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President Donald Trump's top economic advisor, Larry Kudlow, told CNBC on Tuesday that enacting a trade pact with Mexico and Canada to replace the North American Free Trade Agreement is "more important" for the U.S. economy than a deal with China.
Kudlow also said that he remains hopeful that negotiations between Beijing and the U.S. can return to the position of apparent near alignment they enjoyed before talks appeared to stall out last month, amid disagreements between the two economic superpowers.
Kudlow's remarks on CNBC's "The Exchange " came just days after Trump scrapped plans to slap increasing tariffs on all Mexican goods coming into the U.S. until Mexico took sufficient steps to stem the flow of migrants coming to the southern U.S. border. The two countries struck an agreement, many details of which are still unknown, on Friday after talks in Washington.
Experts have said that imposing new tariffs on Mexico — a move Trump has said is still on the table — could jeopardize the U.S.-Mexico-Canada Agreement, or USMCA, which has been approved by the three countries' leaders. The nations' legislatures have yet to ratify the deal.
Kudlow's emphasis on the USMCA over the China deal indicates that Trump aims to pressure Democrats to support ratification ahead of the 2020 election. Democrats, who hold the majority in the House, have raised concerns about how the new agreement would address labor and environmental issues, among other provisions.
"Let me give you something that I think is more important than China, vis-a-vis the economy," Kudlow said, referring to the USMCA. "We are hoping that Congress will sign off on it ... Canada and Mexico are gigantic trading partners and I think in economic terms, that's probably more important than the China story."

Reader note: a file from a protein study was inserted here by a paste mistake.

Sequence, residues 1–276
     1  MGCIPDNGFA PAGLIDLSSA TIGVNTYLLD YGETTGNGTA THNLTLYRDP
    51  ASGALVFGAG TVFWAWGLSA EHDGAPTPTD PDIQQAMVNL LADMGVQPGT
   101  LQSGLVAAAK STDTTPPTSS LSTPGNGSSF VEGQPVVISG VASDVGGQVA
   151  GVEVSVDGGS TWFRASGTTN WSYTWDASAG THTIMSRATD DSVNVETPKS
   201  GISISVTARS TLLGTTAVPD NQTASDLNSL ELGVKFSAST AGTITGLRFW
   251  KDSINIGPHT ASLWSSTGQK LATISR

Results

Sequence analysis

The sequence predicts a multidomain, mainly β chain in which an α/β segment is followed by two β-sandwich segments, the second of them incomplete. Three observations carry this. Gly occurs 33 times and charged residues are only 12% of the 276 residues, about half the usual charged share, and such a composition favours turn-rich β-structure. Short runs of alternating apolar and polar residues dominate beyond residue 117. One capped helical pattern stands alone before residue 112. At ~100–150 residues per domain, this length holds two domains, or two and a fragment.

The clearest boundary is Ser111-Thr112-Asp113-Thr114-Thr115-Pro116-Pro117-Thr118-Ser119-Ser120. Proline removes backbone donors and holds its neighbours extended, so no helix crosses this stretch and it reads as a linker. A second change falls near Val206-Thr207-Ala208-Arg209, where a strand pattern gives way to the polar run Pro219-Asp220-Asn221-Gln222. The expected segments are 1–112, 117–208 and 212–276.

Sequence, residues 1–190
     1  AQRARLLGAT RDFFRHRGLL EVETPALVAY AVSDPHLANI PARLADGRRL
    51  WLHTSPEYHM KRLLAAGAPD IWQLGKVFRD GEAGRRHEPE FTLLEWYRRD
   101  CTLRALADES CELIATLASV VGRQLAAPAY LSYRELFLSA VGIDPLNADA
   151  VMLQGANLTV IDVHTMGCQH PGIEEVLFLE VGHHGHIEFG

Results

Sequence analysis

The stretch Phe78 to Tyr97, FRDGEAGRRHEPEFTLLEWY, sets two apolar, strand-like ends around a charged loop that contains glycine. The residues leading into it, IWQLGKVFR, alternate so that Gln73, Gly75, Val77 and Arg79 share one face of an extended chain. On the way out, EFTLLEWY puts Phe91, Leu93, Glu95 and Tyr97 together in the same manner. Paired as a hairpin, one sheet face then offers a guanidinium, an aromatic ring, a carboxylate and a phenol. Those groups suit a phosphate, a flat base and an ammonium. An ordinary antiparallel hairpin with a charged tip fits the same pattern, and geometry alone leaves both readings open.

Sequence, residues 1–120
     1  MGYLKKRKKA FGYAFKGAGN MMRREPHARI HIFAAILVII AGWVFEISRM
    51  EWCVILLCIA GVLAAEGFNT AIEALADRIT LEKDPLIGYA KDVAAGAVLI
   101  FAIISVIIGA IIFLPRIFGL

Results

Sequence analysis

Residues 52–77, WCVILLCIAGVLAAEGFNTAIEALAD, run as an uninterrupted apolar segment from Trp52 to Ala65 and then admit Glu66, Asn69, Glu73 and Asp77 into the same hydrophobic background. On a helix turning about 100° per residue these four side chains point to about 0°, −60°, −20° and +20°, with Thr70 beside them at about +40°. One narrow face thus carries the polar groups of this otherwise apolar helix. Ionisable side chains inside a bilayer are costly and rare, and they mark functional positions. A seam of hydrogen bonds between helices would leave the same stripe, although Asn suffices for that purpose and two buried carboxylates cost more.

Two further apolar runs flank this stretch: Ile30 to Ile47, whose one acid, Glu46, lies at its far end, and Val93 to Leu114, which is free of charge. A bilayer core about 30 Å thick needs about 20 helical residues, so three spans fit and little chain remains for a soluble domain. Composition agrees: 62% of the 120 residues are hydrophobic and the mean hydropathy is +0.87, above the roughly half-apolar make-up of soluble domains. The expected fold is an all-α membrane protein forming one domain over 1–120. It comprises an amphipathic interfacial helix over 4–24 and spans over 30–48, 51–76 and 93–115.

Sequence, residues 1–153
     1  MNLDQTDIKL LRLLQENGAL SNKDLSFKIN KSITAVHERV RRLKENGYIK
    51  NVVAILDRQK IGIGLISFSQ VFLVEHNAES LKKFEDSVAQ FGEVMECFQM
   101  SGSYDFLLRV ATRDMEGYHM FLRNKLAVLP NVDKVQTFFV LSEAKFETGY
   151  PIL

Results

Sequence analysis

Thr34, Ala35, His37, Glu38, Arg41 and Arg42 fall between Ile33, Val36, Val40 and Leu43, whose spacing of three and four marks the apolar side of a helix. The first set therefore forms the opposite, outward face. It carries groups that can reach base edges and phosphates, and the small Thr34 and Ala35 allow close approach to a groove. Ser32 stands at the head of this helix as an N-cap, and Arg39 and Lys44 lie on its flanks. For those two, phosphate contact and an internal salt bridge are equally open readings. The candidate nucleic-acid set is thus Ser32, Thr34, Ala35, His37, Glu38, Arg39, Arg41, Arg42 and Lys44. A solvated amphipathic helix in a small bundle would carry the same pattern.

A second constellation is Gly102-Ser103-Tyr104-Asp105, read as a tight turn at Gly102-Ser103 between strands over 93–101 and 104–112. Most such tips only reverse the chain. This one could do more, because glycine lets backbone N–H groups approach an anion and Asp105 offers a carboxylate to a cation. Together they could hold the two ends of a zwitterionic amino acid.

Trump told reporters at the White House that "we're going to sit down at some point with the Democrats" to discuss immigration. But a spokesman for House Speaker Nancy Pelosi, D-Calif., told CNBC that there has been "no outreach to us" on this topic.
Kudlow's remarks also appear to downplay the Trump administration's urgency to strike a deal with China to address trade deficits, intellectual property theft and forced technology transfers — issues Trump has railed against throughout his presidency.
Current and former administration officials told CNBC on Tuesday not to expect a deal to come out of Trump's expected meeting with Chinese President Xi Jinping at the G-20 summit in Osaka, Japan, at the end of June.
Commerce Secretary Wilbur Ross cautioned that a G-20 meeting would only lay the groundwork for a possible deal. Former White House trade advisor Clete Willems, in a separate interview, told CNBC point-blank that "there won't be a deal at the G-20."
Kudlow said he hopes that negotiators can "pick up where we left off on achieving a really good deal" at the summit.
But he stressed that "anything that works has got to be good for our farmers and ranchers and blue-collar workers."
Kudlow continued to predict economic growth of 3% with or without a "satisfactory" China deal, saying, "That 3% number is not contingent on a China deal that might not be satisfactory for American interests."